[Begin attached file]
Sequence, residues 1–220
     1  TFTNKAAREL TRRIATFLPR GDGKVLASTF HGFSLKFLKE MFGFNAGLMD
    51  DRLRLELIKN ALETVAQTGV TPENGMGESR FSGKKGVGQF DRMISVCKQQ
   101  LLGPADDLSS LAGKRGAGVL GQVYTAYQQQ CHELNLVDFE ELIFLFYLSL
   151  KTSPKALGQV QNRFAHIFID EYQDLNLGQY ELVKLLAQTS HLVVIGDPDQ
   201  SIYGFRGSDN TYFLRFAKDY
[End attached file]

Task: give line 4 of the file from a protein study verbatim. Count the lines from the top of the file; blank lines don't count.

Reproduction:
   101  LLGPADDLSS LAGKRGAGVL GQVYTAYQQQ CHELNLVDFE ELIFLFYLSL